...We followed the most radical voices in the party and the movement, and they led us to abject and irreversible defeat.

There were leaders who knew better, who would have liked to deal. But they were trapped. Conservative talkers on Fox and talk radio had whipped the Republican voting base into such a frenzy that deal-making was rendered impossible. How do you negotiate with somebody who wants to murder your grandmother? Or – more exactly – with somebody whom your voters have been persuaded to believe wants to murder their grandmother?

(Kinda puts the lie to the RWS™ claim that the failure of bipartisanship was Obama's fault, doesn't it? On the other hand, that claim was patently false from the beginning, despite its unrelenting ubiquity on the Foxified airwaves.)

So it'll be interesting: one side has all the facts but is incompetent in using them, while the other has none, but has no scruples, as we see in that video clip, in what they'll say to overcome that little handicap. It'll boil down to this: is that portion of the public currently in the thrall of the RWS™ and Fox "news" ever going to wake up and see what's in front of their faces, to throw off the hackles of disinformation and remember what it's like to think for themselves? Or, despite all the coming evidence, will teabaggers continue to rage against themselves, and will the media continue to ignore their role in a functioning democracy?

I'm not taking any bets.

[Added] In the meantime, I hope we'll be seeing more of this as the year wears on:


One of many themes of the Party of No is that the process of health care reform (and of the economic recovery act, too) was not transparent. Allow me a contrary view: the problem is it was TOO transparent.

For the first time that I remember, we've been privy to the messiness of legislation: the give and take, the wheels, the deals. Compromise in all its glorious ugliness. So people got excited. They got schooled. They got pissed.

They had to confront the platitudes and plaster them with practicality. They had to answer the most basic of American questions: do you believe in democracy, or not? Turns out, for lots of people, the answer is no. Hell no.

In Congress (to coin a phrase) it would seem the entire Republican party is on the "no" side. Among Democrats, so are several -- but, by contrast, far from all -- members, including (until the day I'm writing this, reportedly) Bart Stupak.* Among the teabaggers, without question, there isn't a democracy believer among them, not a one. Likewise, it must be said, among some on the far left.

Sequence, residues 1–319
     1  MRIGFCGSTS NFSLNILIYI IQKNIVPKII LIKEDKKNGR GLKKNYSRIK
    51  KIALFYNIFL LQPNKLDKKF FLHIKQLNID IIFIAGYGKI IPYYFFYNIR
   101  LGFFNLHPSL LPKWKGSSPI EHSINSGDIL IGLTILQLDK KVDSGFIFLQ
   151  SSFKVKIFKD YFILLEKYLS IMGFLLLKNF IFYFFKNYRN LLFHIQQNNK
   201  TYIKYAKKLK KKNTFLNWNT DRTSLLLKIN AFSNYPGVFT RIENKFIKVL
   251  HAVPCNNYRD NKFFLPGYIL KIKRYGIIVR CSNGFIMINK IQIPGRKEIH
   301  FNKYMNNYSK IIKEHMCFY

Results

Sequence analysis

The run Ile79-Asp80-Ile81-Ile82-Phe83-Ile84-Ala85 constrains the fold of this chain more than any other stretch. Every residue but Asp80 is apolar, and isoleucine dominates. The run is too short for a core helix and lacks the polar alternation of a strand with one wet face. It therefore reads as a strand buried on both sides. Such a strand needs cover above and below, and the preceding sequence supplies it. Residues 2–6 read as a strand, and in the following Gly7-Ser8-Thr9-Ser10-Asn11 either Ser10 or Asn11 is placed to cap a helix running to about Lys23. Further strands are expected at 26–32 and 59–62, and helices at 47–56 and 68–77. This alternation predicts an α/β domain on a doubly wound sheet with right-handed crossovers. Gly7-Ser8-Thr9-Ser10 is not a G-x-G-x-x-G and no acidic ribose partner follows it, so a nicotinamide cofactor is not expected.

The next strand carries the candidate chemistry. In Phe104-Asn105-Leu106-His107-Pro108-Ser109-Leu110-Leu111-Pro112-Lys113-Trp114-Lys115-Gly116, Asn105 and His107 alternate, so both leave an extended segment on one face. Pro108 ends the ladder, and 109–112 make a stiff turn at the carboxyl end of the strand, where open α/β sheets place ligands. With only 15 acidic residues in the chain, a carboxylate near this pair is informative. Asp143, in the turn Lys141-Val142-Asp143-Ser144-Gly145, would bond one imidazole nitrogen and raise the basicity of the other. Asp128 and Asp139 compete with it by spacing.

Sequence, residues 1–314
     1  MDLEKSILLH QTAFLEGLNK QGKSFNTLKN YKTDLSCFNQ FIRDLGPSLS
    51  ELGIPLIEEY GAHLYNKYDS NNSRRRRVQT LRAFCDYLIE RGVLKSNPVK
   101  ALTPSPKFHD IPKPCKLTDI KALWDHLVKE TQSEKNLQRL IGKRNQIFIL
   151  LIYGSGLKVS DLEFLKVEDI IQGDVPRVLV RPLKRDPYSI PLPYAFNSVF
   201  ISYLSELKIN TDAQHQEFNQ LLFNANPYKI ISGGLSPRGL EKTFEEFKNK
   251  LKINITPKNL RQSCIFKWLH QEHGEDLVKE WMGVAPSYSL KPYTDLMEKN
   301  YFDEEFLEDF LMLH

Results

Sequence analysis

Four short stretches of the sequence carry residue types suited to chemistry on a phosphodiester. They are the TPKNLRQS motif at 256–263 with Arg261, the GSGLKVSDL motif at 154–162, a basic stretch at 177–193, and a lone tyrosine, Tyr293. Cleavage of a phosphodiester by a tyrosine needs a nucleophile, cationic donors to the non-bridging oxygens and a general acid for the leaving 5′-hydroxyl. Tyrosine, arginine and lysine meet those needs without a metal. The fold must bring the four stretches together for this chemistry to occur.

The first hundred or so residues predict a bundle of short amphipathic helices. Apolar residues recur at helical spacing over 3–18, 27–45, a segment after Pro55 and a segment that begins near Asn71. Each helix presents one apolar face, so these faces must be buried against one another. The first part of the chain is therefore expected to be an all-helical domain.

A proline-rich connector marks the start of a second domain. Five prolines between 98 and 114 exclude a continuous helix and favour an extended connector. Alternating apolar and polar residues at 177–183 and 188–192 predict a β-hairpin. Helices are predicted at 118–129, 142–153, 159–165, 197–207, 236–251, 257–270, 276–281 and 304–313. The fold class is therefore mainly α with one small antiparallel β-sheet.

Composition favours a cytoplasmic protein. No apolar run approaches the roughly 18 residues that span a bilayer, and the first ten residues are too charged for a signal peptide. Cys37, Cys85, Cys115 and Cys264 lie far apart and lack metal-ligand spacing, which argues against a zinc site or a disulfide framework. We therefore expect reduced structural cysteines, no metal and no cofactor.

Democracy and compromise are joined like Chang and Eng. It's only in the kind of government that the wingnuts claim to abhor that a person can get 100% of what he or she wants, and that's only if that person is the dictator.

I don't like that the health care bill is based on private insurance, allowing the same huge amounts of money to be sucked out of the system and distributed to investors and CEOs. I'd prefer, at minimum, a "public option." Similarly, I didn't like that the stimulus bill spent forty percent of its money on tax cuts. I wish -- but I don't expect -- that all legislation were perfectly to my liking. But that's simply not the way it works. In democracies, it can't work that way. Until the Obama presidency, lots of people were able to ignore that fact. Our problem is that reality has set in. And those same people can't handle it. Given the legacy of Ronald Reagan, namely that we can have everything we want and not have to pay for it (and that government is not supposed to work), it's not surprising that most of those people are on the right side of the political spectrum. But it isn't helpful.

Despite the elimination of the public option, despite taking single-payer off the table, despite giving central stage to private insurers, the right say they were ignored. "Left out of the process" as a commenter likes to say. Bullshit on its face: the bill is so centrist that it mirrors prior Republican proposals, and has lost the support of many liberals because of it. The stimulus bill was smaller and built much more on tax breaks than liberals wanted. No matter. Not a vote for either by Republicans, and no support by their loudmouths. In a democracy, among people who believe in, uh, democracy, that simply should not be the case. Yet here we are. And there we go.

The process has been more than transparent. It's made the right wing face something they hadn't heretofore acknowledged: they neither understand nor approve of the most fundamental idea of democracy: compromise. The process was so see-through that it become obvious.

As the right wingers take us further and further toward deliberate diseducation, and away from actual understanding of the real meaning of our form of government, the future looks worse and worse. If everyone listened more to the Stones, we'd be a hell of a lot better off.

* Seems official. So unlike all the Rs, one of the most intransigent Ds was willing to accept some degree of compromise. Sorta proves my point, doesn't it?

Saturday, March 20, 2010

Tell Me Again